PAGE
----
There is no cost to eligible employees for the services provided. Five free counseling sessions are provided per problem area. If outside referral services are recommended, fees charged by those professionals are the responsibility of the employee in coordination with the employee’s health insurance. EAP services are available 24 hours a day, 7 days a week.

    Reporting to Supervisors, Human Resources or Anonymously:

    All members of the University Community are encouraged to promptly report any behavior that is in violation of the law, or University policy. This includes, but is not limited, to drug or alcohol policy violations. Faculty, staff or other community member can report incidents directly to their supervisor or chair, human resources, or Ethics Point. If any faculty, staff, administrator, or other community member has information regarding behavior that is in violation of the law or University policy, the preferred method of reporting these concerns is to speak with a supervisor or an appropriate person in the department that has oversight authority for the policy or activity to which the concern relates. If there is any discomfort in relaying such concerns directly to supervisors or managers, individuals may contact the University’s Ethics Point. The Ethics Point provides a confidential, anonymous mechanism for reporting concerns regarding any aspect of University compliance. Anonymous reports may be filed by calling 888-263-8680, or via the website at: https://secure.ethicspoint.com/domain/en/report_company.asp?clientid=18799#.


    Section III Assessment of Campus Programs

    Loyola University Maryland has developed a comprehensive campus prevention and intervention program which is consistently implemented. The following section provides statistical information regarding the behavioral trends and treatment utilization of students and employees, in addition to conduct and disciplinary data.

    Student Behavior Trends:

    We utilize the Titanium 10 Software Program to consistently track AOD use and behavior trends. Data are collected from students who complete screenings and/or evaluations for substance use related issues during the intake process. The following data are based on changes since the last biennial review period:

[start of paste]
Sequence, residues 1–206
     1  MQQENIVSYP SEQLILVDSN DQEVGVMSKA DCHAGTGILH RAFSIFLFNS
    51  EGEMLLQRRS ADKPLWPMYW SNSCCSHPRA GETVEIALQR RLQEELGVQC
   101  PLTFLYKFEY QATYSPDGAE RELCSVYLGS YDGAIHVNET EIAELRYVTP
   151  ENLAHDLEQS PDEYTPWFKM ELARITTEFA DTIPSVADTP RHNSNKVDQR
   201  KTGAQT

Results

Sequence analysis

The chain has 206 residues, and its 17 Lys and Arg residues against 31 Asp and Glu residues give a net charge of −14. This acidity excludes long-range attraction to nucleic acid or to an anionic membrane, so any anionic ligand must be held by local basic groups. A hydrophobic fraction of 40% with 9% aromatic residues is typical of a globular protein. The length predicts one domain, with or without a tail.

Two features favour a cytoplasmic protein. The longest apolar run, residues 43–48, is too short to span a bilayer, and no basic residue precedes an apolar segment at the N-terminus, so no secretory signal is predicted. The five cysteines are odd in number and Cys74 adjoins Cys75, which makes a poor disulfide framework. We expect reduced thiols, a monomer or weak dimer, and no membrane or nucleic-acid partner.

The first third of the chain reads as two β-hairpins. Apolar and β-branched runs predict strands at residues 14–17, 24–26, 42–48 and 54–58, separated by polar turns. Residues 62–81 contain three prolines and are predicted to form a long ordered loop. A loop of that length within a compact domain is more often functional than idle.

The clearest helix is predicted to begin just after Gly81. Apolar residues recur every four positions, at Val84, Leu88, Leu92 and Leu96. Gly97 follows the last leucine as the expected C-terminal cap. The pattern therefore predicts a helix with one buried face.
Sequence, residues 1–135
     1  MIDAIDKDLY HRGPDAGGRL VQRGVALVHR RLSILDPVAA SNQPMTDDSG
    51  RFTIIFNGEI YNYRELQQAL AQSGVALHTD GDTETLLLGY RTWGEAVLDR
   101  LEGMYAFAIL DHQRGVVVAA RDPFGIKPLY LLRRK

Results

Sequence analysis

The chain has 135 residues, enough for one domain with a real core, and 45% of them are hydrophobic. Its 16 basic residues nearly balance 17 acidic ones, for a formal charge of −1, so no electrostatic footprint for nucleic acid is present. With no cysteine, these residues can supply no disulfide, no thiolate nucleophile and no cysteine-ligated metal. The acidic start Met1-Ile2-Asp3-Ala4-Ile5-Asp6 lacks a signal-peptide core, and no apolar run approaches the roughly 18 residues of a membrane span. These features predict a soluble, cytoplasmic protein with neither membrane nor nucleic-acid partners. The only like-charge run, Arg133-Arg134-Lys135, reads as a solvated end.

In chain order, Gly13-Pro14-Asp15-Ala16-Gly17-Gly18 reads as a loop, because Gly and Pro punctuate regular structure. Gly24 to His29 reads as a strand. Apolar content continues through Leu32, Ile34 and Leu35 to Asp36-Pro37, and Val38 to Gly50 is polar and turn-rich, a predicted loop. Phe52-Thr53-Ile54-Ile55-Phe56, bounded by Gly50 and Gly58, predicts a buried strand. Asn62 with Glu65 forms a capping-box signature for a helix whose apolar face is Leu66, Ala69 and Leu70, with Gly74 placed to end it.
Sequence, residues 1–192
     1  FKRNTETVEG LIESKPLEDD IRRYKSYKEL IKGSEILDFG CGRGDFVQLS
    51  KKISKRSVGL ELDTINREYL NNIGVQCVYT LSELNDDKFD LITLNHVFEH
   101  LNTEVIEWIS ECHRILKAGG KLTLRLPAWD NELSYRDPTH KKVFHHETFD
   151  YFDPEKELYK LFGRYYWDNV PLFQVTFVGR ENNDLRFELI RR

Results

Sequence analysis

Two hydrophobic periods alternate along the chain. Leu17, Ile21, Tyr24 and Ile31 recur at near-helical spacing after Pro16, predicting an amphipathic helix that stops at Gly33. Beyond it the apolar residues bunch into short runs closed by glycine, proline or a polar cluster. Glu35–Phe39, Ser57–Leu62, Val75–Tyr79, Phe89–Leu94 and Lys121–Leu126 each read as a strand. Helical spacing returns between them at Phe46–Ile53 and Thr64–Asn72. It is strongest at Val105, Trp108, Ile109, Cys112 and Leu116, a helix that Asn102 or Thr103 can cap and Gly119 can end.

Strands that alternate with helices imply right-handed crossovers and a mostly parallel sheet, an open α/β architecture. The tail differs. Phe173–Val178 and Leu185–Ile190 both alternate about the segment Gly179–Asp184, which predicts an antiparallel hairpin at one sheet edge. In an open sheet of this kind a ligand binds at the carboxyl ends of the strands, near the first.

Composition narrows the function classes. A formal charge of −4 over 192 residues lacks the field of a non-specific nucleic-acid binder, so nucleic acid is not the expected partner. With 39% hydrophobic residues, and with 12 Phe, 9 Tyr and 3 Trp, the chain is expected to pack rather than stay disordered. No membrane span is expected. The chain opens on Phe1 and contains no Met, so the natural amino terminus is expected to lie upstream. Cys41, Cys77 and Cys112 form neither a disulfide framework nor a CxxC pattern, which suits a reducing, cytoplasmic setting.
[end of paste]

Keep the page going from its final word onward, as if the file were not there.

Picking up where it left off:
Section IV Achievements and Goals Program goals achievement since last biennial review:

As previously stated Loyola University Maryland implemented a responsible action protocol to provide medical amnesty for student seeking help for a peer in the event of an alcohol emergency. The implementation of this protocol satisfies our first goal included in the last biennial review which was to implement a medical amnesty policy.

Our second goal was to reduce drinking within residence halls and among students of legal drinking age. To address this goal, we created that Alcohol Task Force, and upon a review of our campus drinking culture, we determined that addressing the culture of pre-gaming would best serve our goal of reducing overall alcohol consumption. During the 2015-16 academic year we

conducted a pilot survey to assess campus pre-gaming trends and motivations. The results of this pilot survey were disseminated to campus partners to increase strategic planning of substance free late night activities. We are encouraged that there is progress in this area due to the significant decline in the number of conduct violations related to AOD, going from 1,078 cases in 2014-15 down to 795 cases in 2015-16 and the 48% decline of alcohol transports from the previous year.

Recommendations for the next review period:

I. In an effort to improve the quality of the interventions provided to students, the Office of Student Support and Wellness Promotion, in collaboration with the Office of Student Life, will be working toward implementing AOD evaluations for all students found in violation of the University’s alcohol and drug policies beginning August 2016. This change is designed to ensure that the interventions that students receive are appropriate for their individual substance use behaviors, and not simply limited to the committed violation itself. We are hopeful that this targeted response and treatment approach may, contribute to a decline in recidivism within our conduct system.